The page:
In addition to movie and TV stars, Fallon's Tonight Show has also become a popular destination for presidential candidates, with Hillary Clinton and Donald Trump both making multiple appearances on the late-night show. Obama's appearance was the President's first on the Fallon-hosted Tonight Show, but he previously made an appearance on Fallon's Late Night in 2012.

The host said during the WGAE panel that he felt as if he should apologize to Obama for making fun of him for eight years.

"He's the only president that we've known since we started late night, so he's in every one of our monologues, like it or not," Fallon pointed out.

But the POTUS, like all of the show's political guests, has been a good sport about it, even if the day of their appearance the monologue has a few jokes about them in it.

"That's our job to skewer the news and make you laugh before you go to sleep and put a smile on your face. I think everyone gets it," Fallon added, lamenting the missed opportunities when they're dark. "We're in a great time now with so much material. When we have a week off, we get so angry because you go, 'Aaah, we could have done that! Trump, why? Anthony Weiner's back?! We've got to come back. Let's Periscope a show.'"

During Obama's appearance, Fallon still took a few shots at the commander-in-chief, joking that he now has to carry around his birth certificate to "prove he's only 54," after which the president pretended to be angry as he grabbed the next card during their "Thank You Notes" segment.

Fallon even went for a Clinton email joke, thanking the presumptive Democratic nominee for possibly becoming the first "f president. I would have said 'female,' but someone deleted the 'emale.'" During the WGAE panel, Fallon said the joke made him laugh but he sensed President Obama, who was sitting next to him at the time, didn't appreciate it. "It started to feel a little warm," Fallon said, before pointing out, in his Obama impression, that the President then said, "I'm not sure this was a good idea."

Clinton herself participated in a memorable sketch featuring Fallon's Trump impression when she made a September appearance on the show.

Writing a sketch with a politician in it isn't necessarily harder than it is coming up with one featuring an entertainer, the Tonight Show writers said.

"If a joke is funny, it's funny. We don't really take cheap shots at politicians or anything," said Bradford. "I think they know when they come on our show, we're going to make them look good. They'll laugh at themselves, too."

But there is one thing they have to be careful about. Due to the equal-time rules, Fallon said, they can't do sketches where, for instance, the politician plays a teacher and he plays the student.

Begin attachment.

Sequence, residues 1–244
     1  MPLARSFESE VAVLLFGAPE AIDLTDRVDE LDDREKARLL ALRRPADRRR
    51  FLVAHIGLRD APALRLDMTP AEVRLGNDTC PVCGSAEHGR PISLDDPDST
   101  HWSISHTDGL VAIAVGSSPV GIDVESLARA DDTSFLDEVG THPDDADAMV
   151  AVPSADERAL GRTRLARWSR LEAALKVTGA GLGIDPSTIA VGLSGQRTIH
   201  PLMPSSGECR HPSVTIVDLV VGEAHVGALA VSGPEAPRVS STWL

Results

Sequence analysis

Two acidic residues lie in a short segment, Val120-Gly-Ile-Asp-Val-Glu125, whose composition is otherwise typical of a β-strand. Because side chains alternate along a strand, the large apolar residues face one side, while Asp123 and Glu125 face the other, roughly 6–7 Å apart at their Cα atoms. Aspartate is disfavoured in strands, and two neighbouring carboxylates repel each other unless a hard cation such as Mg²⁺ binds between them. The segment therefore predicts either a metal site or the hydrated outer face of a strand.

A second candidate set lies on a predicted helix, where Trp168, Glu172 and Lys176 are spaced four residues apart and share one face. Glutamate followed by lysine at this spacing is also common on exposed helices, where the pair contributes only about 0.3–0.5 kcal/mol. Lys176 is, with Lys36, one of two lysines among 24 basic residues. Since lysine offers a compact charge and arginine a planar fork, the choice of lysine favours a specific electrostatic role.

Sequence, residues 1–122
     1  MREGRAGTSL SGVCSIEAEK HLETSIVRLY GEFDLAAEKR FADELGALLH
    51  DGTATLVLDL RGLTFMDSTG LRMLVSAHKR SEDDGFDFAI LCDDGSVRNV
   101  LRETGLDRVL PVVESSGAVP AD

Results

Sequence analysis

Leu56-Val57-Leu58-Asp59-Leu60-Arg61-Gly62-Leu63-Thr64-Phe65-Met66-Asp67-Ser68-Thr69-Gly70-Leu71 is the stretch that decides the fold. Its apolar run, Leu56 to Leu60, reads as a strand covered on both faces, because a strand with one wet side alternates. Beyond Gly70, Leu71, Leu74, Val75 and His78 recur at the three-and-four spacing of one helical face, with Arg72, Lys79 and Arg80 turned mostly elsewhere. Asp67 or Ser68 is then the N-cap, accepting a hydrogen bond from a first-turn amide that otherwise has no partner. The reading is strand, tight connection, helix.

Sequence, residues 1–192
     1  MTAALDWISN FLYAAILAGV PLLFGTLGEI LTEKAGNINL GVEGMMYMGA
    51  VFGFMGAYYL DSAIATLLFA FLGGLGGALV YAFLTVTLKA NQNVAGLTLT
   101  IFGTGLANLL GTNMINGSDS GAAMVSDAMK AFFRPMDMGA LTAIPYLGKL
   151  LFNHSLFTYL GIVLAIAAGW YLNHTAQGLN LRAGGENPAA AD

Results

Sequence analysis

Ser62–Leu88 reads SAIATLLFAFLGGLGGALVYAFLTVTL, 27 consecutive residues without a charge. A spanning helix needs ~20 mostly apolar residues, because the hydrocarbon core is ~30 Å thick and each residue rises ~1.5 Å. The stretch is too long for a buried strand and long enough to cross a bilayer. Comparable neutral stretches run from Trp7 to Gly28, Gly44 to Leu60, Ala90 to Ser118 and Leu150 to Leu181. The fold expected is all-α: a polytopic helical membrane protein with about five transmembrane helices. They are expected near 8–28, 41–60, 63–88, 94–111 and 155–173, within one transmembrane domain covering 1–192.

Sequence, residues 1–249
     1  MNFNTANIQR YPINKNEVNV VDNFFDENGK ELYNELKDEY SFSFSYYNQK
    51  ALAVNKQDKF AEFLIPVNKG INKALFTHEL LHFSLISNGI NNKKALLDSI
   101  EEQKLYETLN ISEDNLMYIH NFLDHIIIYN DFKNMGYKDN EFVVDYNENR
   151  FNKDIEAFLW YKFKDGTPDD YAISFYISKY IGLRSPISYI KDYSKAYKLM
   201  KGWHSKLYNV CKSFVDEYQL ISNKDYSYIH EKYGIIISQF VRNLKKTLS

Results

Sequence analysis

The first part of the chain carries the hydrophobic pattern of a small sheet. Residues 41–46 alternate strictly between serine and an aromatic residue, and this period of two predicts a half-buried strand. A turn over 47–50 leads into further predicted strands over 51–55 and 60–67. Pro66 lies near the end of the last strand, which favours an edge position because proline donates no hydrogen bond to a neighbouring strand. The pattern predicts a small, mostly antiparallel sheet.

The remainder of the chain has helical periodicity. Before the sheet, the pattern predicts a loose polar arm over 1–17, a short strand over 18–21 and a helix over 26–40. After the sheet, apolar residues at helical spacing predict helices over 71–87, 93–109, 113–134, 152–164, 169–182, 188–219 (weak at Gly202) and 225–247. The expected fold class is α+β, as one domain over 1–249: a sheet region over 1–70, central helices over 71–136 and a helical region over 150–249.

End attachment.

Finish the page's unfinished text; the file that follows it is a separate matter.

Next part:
"You have to somehow frame it as an interview in the sketch. We secretly did that, sort of snuck it in," he pointed out before showing the clip of the Clinton sketch where she gets a call from Fallon's Trump, with her Republican rival offering her some advice. Fallon said his favorite part of the sketch is when his Trump tells Clinton to write down his advice and she says "let me grab my pen" and instead picks up a glass of wine and takes a sip.

Fallon also recalled that his staff once had a debate party at Jay Z's 40/40 Club and that it wasn't nearly as much fun as they thought it would be, with one of the guys working there saying it was "the lamest party he'd ever been to."

Fallon and his writers sat around a giant TV and noted what seemed interesting from the Fox News debate as the sound came out of giant speakers typically used to blast dance music.

"It was an awful idea," he said.

Another idea that may have sounded crazy in concept proved to be memorable and amusing: two James Taylors on a seesaw, which Fallon's writers have previously noted came out of just something the host said in a meeting one day.

Fallon sang the first line on the spot, "I go up and you go down," and DiCenzo went home and wrote the rest, recording the song on his iPhone and sending it to his boss.

On Thursday, Fallon praised DiCenzo for coming up with a "funny and ridiculous" but "beautiful" song that's "really deep."

"You should win a Grammy for the line, 'I will see what you just saw,'" he added.

During Taylor's appearance, Fallon said that the singer, who was dressed like his younger self, quipped of his past drug use, "I have this sudden crave for heroin."

"I go, 'No! No, we can't do that,' Fallon said.

But he does make sure to pay attention to the details, which is something he learned from working for Lorne Michaels on Saturday Night Live.

For instance, if they do a party scene, Fallon notes, there should be a half-eaten bowl of chips on the set.

"That's something no one else will know, but we'll know," he said.